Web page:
Houston Astros pitcher Justin Verlander made the wrong sort of MLB history against the Philadelphia Phillies in Game 5 of the World Series.
The Fall Classic hasn’t been kind to Justin Verlander, despite finally winning his first World Series with the Astros back in 2017. Verlander was acquired as the Houston ace that year — and he’s largely acted in that role for the Astros, minus during the postseason and on the game’s greatest stage.
For the most part, it hasn’t backfired on Houston. They won their World Series, albeit in sketchy fashion via some not-so-friendly sign stealing.
Game 5, however, is a monumental spot for Verlander. He must come up large in hopes of giving Houston a 3-2 lead heading home to Minute Maid Park where, should he emerge victorious on Thursday, the Astros would have two chances to win the World Series.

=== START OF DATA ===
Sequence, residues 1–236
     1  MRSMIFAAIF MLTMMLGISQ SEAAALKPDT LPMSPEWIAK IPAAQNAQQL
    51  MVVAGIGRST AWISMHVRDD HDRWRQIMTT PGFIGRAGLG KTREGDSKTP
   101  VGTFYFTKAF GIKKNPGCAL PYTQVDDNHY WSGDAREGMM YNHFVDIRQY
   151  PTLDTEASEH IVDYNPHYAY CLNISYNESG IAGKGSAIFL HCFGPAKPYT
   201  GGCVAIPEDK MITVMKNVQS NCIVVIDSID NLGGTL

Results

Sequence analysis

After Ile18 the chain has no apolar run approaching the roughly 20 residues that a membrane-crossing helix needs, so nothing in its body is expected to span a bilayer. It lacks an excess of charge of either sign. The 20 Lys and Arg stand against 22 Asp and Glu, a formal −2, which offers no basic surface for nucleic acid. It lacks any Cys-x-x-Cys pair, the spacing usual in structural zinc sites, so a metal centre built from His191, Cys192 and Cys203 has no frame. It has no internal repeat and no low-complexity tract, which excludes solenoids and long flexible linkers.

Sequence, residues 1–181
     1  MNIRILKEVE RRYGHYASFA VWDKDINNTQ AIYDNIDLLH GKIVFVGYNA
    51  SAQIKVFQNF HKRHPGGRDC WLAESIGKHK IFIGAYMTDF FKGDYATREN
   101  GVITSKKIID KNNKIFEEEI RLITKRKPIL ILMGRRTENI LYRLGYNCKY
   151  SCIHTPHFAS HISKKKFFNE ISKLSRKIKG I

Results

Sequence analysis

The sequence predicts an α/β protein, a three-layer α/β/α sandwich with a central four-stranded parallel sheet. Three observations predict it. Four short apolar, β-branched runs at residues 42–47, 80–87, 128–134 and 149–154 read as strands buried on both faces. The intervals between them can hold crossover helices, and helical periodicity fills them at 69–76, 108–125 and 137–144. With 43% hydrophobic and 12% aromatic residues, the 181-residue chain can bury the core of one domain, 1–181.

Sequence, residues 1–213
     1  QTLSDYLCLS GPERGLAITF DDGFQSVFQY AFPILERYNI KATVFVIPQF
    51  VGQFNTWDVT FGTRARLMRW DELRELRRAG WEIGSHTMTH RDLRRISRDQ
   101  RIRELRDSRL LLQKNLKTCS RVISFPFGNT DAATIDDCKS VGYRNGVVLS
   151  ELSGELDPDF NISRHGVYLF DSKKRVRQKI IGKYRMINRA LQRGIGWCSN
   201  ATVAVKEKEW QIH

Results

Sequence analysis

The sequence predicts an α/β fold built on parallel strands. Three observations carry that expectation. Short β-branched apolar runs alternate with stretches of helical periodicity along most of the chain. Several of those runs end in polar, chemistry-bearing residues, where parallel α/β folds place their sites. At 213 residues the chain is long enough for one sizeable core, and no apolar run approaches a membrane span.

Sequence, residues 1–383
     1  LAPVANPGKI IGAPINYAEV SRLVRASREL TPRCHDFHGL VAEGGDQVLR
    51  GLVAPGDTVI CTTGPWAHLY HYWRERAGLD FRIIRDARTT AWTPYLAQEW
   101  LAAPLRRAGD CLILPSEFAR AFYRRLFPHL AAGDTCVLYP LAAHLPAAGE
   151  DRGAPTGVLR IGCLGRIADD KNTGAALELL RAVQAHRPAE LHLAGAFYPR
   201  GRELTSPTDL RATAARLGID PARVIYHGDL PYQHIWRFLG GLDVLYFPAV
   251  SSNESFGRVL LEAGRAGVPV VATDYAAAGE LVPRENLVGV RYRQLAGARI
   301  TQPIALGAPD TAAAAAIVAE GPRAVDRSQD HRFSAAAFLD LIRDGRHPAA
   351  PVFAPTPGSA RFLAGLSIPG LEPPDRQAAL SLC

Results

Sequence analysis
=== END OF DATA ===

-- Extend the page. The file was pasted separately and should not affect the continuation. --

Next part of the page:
Astros: Justin Verlander’s Game 5 got off to putrid start
Justin Verlander’s Game 5 started in the worst of ways, with the Houston ace giving up a solo home run to Kyle Schwarber of the Phillies. It was Schwarber’s third career postseason leadoff home run, tying him for the most in MLB history.
Verlander, however, made the wrong kind of history.
Schwarber’s home run was the tenth Verlander has allowed in his World Series career. It broke a tie with Catfish Hunter, who previously owned the record with Verlander.
What does that mean? First, Verlander’s has plenty of opportunities at playoff success. With Detroit, he failed to win the World Series, but won several pennants. With Houston, he’s been back to the Fall Classic on a few occasions as well.
Dusty Baker, for what it’s worth, said he would not pull Verlander if he incurred some early struggles. He stuck to his word, and Verlander rewarded him.
Good faith can overturn the record books, unfortunately.